Market Perspective for October 13, 2014

Investors will be looking to see if stocks can rally after last week’s volatile sell-off. U.S. large caps remain in a strong bullish uptrend, but the Russell 2000 and several foreign indexes, including the German DAX, slumped to new lows for the year. Moreover, a number of European markets are not far from entering a bear market, which is generally considered losses of 20 percent or more. Since early June, iShares MSCI EMU Index (EZU), a fund tracking eurozone stocks, is down more than 16 percent.

This week is light on economic data. Retail sales for September are released on Wednesday along with producer prices, while industrial production is out on Thursday. Unless there’s a big surprise in these less important data points, the most covered data this week will be earnings releases from blue chip giants.

In the financial sector, Goldman Sachs (GS), Morgan Stanley (MS), Citigroup (C), J.P. Morgan (JPM), Wells Fargo (WFC) and Bank of America (BAC) are set to report. Measured in terms of assets held by these mega banks, these firms comprise the significant portion of the financial sector. Several other financial stocks, ranging from American Express (AXP) to BB&T (BBT), also report.

In technology, giants Google (GOOG), Intel (INTC), IBM and Ebay (EBAY) will announce earnings. Dow giants General Electric (GE), Verizon (VZ) and Johnson &Johnson (JNJ) also report, as will major firms such as Philip Morris International (PM), Netflix (NFLX) and UnitedHeatlhGroup (UNH).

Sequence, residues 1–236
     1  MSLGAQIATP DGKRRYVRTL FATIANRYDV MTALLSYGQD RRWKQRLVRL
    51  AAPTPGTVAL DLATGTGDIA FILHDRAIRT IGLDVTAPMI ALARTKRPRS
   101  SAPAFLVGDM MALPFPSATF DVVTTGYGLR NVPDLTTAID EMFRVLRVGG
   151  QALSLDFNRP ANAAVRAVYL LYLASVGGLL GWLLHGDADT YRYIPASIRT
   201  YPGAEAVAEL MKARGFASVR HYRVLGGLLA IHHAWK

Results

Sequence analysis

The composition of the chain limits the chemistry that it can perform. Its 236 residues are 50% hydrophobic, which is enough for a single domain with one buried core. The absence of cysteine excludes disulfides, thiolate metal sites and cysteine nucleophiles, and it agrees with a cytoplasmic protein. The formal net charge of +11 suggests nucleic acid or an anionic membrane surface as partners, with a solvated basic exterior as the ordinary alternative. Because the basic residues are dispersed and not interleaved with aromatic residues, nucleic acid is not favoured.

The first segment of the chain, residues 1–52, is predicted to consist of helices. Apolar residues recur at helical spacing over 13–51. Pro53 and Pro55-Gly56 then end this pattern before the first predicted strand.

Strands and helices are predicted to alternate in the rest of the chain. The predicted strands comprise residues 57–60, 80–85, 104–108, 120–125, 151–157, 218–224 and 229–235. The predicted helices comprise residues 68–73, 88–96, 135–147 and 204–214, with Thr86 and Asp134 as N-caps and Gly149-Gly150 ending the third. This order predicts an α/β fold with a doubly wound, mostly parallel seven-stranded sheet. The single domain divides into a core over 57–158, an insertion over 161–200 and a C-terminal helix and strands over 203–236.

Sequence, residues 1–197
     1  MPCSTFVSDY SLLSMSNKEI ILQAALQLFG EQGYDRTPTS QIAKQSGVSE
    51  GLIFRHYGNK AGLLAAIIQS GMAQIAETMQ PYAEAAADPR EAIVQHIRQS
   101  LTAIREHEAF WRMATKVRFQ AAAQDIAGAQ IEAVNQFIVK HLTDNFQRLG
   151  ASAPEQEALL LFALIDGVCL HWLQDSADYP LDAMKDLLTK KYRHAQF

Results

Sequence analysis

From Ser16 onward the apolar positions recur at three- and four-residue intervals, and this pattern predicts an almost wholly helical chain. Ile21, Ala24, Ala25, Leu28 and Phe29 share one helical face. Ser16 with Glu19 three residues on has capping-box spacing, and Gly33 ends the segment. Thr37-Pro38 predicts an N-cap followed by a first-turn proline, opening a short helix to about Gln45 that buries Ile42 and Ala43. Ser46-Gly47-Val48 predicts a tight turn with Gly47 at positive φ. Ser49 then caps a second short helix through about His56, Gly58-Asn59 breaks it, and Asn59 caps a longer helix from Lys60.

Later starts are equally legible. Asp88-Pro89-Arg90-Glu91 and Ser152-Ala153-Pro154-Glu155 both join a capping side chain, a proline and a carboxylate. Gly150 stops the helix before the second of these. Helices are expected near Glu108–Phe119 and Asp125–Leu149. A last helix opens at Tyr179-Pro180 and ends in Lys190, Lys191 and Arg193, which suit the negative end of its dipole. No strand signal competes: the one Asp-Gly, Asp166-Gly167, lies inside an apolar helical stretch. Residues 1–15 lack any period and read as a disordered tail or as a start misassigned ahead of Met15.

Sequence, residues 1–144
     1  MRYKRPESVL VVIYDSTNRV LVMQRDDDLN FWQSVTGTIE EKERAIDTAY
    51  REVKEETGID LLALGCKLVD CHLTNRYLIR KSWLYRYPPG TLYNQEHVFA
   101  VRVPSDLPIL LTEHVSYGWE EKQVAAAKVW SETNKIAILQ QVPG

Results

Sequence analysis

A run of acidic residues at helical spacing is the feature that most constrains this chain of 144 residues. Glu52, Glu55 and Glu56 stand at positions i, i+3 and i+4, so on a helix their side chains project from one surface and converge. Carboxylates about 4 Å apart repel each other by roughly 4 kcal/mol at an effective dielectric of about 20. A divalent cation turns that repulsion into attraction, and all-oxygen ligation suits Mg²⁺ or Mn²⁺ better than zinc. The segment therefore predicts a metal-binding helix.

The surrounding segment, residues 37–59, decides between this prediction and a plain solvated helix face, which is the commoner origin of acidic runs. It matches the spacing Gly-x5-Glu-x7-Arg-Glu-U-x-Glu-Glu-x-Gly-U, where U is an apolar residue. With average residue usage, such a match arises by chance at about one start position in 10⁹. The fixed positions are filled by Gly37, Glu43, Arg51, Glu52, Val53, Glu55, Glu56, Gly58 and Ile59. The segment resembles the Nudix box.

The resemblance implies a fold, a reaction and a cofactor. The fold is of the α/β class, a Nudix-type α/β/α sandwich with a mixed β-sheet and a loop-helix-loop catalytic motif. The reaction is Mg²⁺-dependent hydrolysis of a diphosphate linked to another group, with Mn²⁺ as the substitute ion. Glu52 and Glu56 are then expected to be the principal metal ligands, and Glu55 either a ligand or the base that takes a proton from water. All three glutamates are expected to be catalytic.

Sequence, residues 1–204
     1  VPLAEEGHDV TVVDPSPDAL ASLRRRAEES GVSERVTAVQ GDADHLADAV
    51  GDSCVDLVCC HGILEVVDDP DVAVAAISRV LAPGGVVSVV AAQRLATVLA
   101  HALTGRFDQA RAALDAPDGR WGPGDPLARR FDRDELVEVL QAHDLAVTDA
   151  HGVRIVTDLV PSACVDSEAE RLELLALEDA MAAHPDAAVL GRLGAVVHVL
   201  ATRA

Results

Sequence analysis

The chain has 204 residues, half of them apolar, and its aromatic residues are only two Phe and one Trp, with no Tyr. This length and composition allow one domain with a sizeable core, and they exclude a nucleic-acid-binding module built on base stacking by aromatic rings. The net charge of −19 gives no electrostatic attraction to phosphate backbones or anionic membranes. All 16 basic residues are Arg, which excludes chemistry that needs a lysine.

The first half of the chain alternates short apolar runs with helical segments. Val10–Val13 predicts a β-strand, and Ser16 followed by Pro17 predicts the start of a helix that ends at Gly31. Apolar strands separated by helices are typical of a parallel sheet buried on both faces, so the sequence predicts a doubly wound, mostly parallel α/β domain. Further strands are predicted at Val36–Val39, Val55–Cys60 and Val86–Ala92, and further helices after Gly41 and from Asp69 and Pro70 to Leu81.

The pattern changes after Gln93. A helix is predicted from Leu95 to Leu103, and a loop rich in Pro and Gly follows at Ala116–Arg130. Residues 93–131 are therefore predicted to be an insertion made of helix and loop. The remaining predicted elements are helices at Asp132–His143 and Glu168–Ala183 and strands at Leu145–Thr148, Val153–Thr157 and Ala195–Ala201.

FactSet Research reports the average estimated growth rate for S&P 500 third quarter earnings is 4.5 percent. Telecom and consumer discretionary stocks are expected to report declines compared to the third quarter of 2013. Companies reduced guidance and overall growth is down from the 9 percent expected growth at the beginning of the summer. Over the past few years, these changes in guidance have helped companies to beat their lowered expectations.

Rapid changes in investor sentiment drove the market last week. We continue to believe investors should avoid being influenced by these significant swings and focus on the long-term. It is more difficult during market declines though, since they tend to be rapid and sizable compared to the gains that precede it. Many of the factors behind the recent selling are due to growth concerns in Europe, Japan and China. Domestic shares are being pulled lower in sympathy with global markets, which will produce buying opportunities for the patient and long-term oriented investor.

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